Over the last decade or so, the boiz have adopted a new credo- give these fu
ckers more than they can handle. Many consider these releases to be an exercise in patience for the masochistic, yet the rewards reaped from repeated exposure to this work remains consistent with the rest of their body of work. NTS Sessions
' obscene length- which I don't think warrants criticising in an age where superstans are willing to sift through 18 hours worth of shi
t that Radiohead didn't even want to release- is certainly a challenge. Inevitably, most listening experiences will be broken up between different sessions, different moods, and different environments. I've discovered that these changes in circumstance can have a profound effect on the way that certain tracks hit you. Some make sense in bed with your eyes closed and headphones in, and some (many, actually) make sense in your car at night, gliding down sealed roads surrounded by gleaming lights of countless hues.
If you can't tell by the fanyboyish lilt of my rhetoric creeping in here, I've really thrown myself into a fractal-shaped hole with the amount of Autechre I've been consuming over the past few months. On one occasion recently, I had just put on Plaid's Polymer
for the first time, and was cautiously optimistic that old duo (have a guess at their nationality, ethnicity and sex, the results may not surprise you) might be able to pull another one out of the hat. Well, the album was okay, but in comparison to the three Autechre albums I had listened to that week- wait, since when do I listen to that much Autechre？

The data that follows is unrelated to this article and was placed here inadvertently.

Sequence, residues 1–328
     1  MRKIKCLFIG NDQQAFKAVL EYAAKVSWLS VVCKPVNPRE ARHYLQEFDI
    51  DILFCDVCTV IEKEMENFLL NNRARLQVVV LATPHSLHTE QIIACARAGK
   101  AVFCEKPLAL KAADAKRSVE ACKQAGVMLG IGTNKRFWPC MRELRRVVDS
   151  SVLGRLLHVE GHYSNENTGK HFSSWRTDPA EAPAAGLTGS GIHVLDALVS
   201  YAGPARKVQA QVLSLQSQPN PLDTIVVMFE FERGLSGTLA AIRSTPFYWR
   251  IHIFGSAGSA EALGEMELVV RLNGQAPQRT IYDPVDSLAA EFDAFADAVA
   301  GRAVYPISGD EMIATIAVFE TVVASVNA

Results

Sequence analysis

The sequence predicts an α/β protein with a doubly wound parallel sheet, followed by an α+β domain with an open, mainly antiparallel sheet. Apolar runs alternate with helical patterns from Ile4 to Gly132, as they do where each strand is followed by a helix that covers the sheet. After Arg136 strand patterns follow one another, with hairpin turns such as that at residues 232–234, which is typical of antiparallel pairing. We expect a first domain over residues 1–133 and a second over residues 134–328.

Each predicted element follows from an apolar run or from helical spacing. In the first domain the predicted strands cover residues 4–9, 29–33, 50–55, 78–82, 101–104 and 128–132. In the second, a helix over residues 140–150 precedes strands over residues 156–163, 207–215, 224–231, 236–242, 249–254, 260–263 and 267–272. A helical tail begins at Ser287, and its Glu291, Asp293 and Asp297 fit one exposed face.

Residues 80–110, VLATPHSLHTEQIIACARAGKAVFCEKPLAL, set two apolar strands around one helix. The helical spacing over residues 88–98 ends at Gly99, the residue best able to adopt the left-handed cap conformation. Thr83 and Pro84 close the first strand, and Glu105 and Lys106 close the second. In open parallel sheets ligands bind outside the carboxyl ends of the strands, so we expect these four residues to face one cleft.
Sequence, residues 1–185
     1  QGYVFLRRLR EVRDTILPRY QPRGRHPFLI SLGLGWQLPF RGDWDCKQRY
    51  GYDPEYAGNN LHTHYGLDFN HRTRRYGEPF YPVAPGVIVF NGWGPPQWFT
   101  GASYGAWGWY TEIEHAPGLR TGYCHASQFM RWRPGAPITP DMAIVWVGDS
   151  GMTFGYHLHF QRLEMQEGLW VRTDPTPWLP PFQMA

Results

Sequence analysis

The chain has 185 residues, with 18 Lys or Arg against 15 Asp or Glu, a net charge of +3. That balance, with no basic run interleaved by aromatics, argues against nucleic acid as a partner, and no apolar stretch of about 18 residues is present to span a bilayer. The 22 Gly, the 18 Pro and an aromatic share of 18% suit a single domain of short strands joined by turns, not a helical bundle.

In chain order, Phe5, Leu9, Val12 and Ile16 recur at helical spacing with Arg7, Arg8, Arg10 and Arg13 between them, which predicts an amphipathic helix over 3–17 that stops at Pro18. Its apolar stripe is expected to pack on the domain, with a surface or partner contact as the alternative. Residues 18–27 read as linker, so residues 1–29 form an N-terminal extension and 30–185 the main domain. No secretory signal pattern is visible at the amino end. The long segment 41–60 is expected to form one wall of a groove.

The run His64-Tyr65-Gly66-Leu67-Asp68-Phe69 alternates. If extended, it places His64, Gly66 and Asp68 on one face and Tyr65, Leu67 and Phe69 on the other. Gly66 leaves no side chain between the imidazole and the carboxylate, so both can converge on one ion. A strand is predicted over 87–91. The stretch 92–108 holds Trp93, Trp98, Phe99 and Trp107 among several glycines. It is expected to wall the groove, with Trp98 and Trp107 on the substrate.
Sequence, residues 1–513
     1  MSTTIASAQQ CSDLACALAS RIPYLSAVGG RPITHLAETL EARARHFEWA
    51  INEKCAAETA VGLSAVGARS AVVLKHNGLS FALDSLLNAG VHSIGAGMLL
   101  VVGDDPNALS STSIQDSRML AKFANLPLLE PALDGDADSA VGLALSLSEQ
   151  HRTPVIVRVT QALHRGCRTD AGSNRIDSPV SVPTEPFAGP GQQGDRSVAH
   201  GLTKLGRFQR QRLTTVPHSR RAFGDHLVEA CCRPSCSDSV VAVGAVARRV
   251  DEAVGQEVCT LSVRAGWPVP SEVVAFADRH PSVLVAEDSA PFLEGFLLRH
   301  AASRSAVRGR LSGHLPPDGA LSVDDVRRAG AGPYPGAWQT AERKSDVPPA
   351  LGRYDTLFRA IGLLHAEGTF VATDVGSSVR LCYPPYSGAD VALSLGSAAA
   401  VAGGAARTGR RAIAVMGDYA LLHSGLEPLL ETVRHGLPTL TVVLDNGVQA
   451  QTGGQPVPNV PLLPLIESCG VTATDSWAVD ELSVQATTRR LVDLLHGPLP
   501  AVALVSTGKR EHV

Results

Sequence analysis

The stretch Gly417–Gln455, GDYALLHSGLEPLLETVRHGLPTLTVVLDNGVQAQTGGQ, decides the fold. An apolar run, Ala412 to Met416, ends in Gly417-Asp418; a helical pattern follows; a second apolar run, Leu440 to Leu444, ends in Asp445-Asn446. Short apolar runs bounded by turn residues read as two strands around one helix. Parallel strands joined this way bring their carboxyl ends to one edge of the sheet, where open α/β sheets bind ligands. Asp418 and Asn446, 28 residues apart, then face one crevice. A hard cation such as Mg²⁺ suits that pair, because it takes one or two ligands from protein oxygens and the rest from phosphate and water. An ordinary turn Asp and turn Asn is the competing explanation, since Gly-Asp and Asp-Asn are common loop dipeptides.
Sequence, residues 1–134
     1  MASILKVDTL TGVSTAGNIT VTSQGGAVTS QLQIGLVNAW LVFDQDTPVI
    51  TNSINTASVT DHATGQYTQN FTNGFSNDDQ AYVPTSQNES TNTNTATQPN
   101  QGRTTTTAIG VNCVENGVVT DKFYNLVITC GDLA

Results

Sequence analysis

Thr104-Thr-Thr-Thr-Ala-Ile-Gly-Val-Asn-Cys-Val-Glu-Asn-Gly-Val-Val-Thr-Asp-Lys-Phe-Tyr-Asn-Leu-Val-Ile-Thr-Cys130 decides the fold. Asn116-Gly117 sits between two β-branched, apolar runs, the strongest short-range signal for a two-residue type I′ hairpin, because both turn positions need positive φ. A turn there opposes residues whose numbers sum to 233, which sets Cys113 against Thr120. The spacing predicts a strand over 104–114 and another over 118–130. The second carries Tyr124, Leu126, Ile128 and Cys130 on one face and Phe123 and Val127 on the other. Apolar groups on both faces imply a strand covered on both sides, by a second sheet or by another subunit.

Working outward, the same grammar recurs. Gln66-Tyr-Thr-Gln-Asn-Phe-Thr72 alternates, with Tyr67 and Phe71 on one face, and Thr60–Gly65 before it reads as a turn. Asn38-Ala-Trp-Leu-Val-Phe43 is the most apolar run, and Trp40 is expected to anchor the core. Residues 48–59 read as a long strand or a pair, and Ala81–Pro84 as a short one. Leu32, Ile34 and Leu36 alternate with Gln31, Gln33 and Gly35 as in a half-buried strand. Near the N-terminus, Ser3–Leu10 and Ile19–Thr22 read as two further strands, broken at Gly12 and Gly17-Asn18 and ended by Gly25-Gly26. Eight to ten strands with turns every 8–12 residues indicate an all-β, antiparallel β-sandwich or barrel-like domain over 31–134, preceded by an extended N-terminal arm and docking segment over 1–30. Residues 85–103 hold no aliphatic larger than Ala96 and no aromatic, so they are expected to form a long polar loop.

- it sounded so rudimentary that it could well have been produced twenty years ago. Autechre had already tread and moved past this ground in an era where people thought that the coming of a new century according to the Gregorian calendar might coincide with their PCs becoming self-aware and murdering the shi
t out of all of us.
Is it worth attempting to provide a highlights reel of the NTS Sessions
experience？Short answer, no. Longer answer, there is so much content here that aims for so many different things that it seems redundant to try and stack any of it up. I could tell you that North Spiral
is a good song wherein it sounds like you're being chased by a giant, malfunctioning, robotic centipede, and, when it finally catches you, it challenges you to a dance-off instead of ripping you to shreds. I could try and guess at what patches were being implemented in what songs, what gear was being used. I could start throwing out words like 'alien,' and 'sound design,' and you could nod along in shared understanding.
I could, but I won't, and the simple reason is the length. It's part of the form and fibre of this album, and any attempt to understand the release means that you're going to have to listen to eight hours of music many times over, when in reality you've got shi
t to do and other artists to listen to. And what good would that analysis be to you anyway？Listen to the fu
cking thing in your own time and see what kinda Rorschach shi
t your mind latches onto. Autechre have had a consistently compelling career, and this release very happily continues that trend. You could try and pore a microscope over each individual moment, but it would be like labeling and analysing each sperm cell at a Roman orgy. You'd be far more likely to get yer bits frothin' if you were to spend some time gazing at Coutere's The Romans in their Decadence
, if you catch my drift.